Another key concern with any compensator is "How easy is it to clean?".  Compensators get nasty dirty very quickly as the carbon builds up in the gas ports.  To test this, I weighed the Game Changer when it was new and it weighed 29.85 grams.  After running 300 rounds through the compensator, I removed and reweighed it.  After 300 rounds it now weighed 30.35 grams.  I gave the compensator a very quick cleaning and the weight was reduced to 30.33 grams.  The added weight comes from the carbon deposits that accumulate in the ports.  As with all compensators, removing the carbon will require a soak to soften the carbon deposits so they can be scraped, picked, or brushed out.

Sharing a best practice here, the best way to avoid carbon build up in a compensator is to pre-treat it with something that will keep the carbon from coming in direct contact with the compensator.  This is a really good resource on the subject by competitive shooters that run thousands of rounds through their compensators.

Another review point was to see if the compensator would stay tight after a few hundred rounds.  I got the Game Changer installed where I wanted it, then applied a strip of automotive pin striping tape to the barrel and compensator.  I carefully cut the tape at the point of union between the barrel and compensator so any movement would be seen as a change in the alignment of the two pieces of tape.  This was the before shooting shot.

The photo below was taken after running about 300 rounds though the compensator.  There was a very slight movement of the compensator that took place within the first 50 rounds.  After this initial movement, the compensator did not move for the rest of the testing period.  I may have over-tightened the compensator initially, or perhaps the compensator auto adjusted to the most suitable location.  I don't see any reason to believe the compensator won't remain tight over extended shooting sessions.  I believe you can also apply a thread locker if you want a less temporary installation.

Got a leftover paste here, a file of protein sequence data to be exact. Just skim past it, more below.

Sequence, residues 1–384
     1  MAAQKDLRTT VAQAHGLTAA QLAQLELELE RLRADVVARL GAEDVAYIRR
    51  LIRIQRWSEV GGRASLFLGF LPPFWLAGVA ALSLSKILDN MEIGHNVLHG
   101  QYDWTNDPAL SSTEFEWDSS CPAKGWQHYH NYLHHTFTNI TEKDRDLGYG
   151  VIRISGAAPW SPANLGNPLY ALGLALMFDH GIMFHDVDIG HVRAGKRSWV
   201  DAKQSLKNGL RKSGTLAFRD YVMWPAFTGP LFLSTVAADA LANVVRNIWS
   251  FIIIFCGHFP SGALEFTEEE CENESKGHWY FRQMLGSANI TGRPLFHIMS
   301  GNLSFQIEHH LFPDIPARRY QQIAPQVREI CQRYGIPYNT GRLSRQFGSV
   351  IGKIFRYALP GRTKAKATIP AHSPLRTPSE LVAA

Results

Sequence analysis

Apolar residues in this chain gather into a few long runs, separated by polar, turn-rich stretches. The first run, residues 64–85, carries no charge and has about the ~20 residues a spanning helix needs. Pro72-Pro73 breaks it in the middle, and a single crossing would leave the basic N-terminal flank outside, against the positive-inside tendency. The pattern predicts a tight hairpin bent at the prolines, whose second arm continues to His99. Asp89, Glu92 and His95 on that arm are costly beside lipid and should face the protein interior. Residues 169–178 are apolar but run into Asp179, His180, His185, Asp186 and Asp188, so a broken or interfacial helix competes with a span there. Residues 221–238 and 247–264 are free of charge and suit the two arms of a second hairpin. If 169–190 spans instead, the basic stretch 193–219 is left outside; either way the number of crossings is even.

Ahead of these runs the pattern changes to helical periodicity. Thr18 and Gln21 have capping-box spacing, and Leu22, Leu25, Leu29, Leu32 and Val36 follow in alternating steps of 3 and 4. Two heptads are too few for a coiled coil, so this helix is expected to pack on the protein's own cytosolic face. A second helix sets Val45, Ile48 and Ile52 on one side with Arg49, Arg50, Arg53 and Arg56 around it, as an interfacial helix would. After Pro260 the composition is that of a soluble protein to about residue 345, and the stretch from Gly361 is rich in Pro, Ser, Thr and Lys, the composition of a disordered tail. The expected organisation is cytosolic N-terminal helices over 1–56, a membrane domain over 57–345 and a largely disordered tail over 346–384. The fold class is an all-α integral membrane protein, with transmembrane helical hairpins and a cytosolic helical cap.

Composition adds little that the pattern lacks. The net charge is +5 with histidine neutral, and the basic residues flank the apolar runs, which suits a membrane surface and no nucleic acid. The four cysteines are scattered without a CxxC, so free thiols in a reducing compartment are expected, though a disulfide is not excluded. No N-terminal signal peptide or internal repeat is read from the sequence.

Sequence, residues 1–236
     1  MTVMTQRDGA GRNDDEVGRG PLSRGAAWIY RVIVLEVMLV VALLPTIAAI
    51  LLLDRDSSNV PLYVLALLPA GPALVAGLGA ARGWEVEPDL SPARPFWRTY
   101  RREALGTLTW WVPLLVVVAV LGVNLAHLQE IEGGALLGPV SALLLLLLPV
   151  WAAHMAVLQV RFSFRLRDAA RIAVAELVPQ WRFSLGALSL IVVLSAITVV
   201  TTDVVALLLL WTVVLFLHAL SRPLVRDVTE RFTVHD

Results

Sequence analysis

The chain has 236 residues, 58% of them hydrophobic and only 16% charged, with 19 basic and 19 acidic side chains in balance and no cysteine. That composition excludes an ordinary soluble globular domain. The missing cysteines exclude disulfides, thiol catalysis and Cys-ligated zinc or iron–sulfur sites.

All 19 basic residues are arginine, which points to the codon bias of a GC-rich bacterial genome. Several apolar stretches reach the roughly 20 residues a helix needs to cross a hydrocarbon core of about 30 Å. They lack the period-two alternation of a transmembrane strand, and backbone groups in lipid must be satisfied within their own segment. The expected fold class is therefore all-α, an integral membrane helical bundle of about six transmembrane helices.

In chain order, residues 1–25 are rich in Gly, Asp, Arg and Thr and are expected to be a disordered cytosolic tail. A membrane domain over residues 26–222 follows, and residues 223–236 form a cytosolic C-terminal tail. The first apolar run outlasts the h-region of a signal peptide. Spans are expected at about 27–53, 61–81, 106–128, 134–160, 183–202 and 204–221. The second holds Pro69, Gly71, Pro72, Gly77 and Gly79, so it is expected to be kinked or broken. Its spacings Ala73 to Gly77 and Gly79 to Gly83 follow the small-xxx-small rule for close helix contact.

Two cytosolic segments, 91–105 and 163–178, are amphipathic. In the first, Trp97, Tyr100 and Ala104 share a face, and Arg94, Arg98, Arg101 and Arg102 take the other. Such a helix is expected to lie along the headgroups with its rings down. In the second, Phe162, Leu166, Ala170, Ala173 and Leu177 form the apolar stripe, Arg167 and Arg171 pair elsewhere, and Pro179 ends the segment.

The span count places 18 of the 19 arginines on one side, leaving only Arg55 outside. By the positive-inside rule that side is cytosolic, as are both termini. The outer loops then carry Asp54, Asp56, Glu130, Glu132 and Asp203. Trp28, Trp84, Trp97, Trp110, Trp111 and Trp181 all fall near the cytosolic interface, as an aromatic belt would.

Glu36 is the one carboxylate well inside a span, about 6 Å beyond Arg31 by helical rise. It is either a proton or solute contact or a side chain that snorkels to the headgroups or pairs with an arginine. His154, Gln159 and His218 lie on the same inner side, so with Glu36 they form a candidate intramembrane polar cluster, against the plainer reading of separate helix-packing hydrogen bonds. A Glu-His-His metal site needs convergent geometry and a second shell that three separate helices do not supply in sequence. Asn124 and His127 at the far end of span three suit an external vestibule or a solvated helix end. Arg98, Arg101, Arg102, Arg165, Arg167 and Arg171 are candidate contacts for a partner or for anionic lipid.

The video below provides a bit more information on installing and removing the Game Changer Compensator.  I also have some range footage showing what it's like to shoot a Ruger Mark III 22/45 with the Game Changer installed.  The video also includes the head to head muzzle rise comparison test I mentioned above.


Overall, I'm really pleased with the compensator.  The fit, finish, and machining quality appear to be very good.  High speed video analysis demonstrated that the compensator does reduce absolute muzzle rise and the muzzle returns to target faster.  For the rimfire competitor, matches are won based on speed and accuracy.  The Game Changer will definitely help with speed.  As far as accuracy goes, I present the following video.  My left hand pistol was the Mark III 22/45 with the Game Changer installed.   Having it on the pistol certainly didn't hurt my accuracy.


If you would like to try a Game Changer, I put the squeeze on TANDEMKROSS for a blog exclusive discount code that will get you 10% off their current retail price.  I just tested the code and it's live and working.  Order one or several Game Changers from the TANDEMKROSS website and use coupon code gamechange to receive your 10% off each Game Changer ordered.  The discount is available from 8/10/2013 through 9/2/2013.

Thursday, August 8, 2013

Lehigh Defense 9mm 70 Grain Maxiumum Expansion HERO Denim and Gel Test


I would like to thank the folks at Lehigh Defense for supplying the ammunition used for this test.  I introduced blog readers to Lehigh Defense back in May 2012 in this post.

Since the first introduction post, I've tested a few of their pistol loads from their Maximum Expansion line.  Overall results have demonstrated huge expansion from the four petal bullets.  I was really interested to see how this new 6 petal Professional Series H.E.R.O. load would perform in comparison to the heavier 4 petal loads previously tested.

H.E.R.O is a Lehigh Defense acronym for High Energy Retaining Ordnance.  By my dictionary, that translates to fast, light, lower felt recoil, and oodles of kinetic energy.  The energy is interesting because this new 6 petal bullet design introduces more drag on the bullet in the gel block which leads to some very impressive energy transfer.  As you watch the high speed video, watch how high the gel block jumps off the table and how long it stays above the table.  While the energy transfer is impressive, what matters most is hits on target.  The lower bullet weight and reduced felt recoil should facilitate faster and more accurate follow up shots.